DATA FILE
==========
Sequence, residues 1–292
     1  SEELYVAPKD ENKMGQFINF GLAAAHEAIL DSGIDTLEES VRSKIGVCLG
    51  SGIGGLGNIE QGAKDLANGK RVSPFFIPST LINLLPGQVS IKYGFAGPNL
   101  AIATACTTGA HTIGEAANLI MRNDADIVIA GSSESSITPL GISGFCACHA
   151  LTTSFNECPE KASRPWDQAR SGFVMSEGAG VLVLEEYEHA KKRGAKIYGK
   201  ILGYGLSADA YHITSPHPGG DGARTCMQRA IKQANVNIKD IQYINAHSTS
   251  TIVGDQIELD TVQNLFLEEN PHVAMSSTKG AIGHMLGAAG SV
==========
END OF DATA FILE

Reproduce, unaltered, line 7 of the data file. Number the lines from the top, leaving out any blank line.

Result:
   251  TIVGDQIELD TVQNLFLEEN PHVAMSSTKG AIGHMLGAAG SV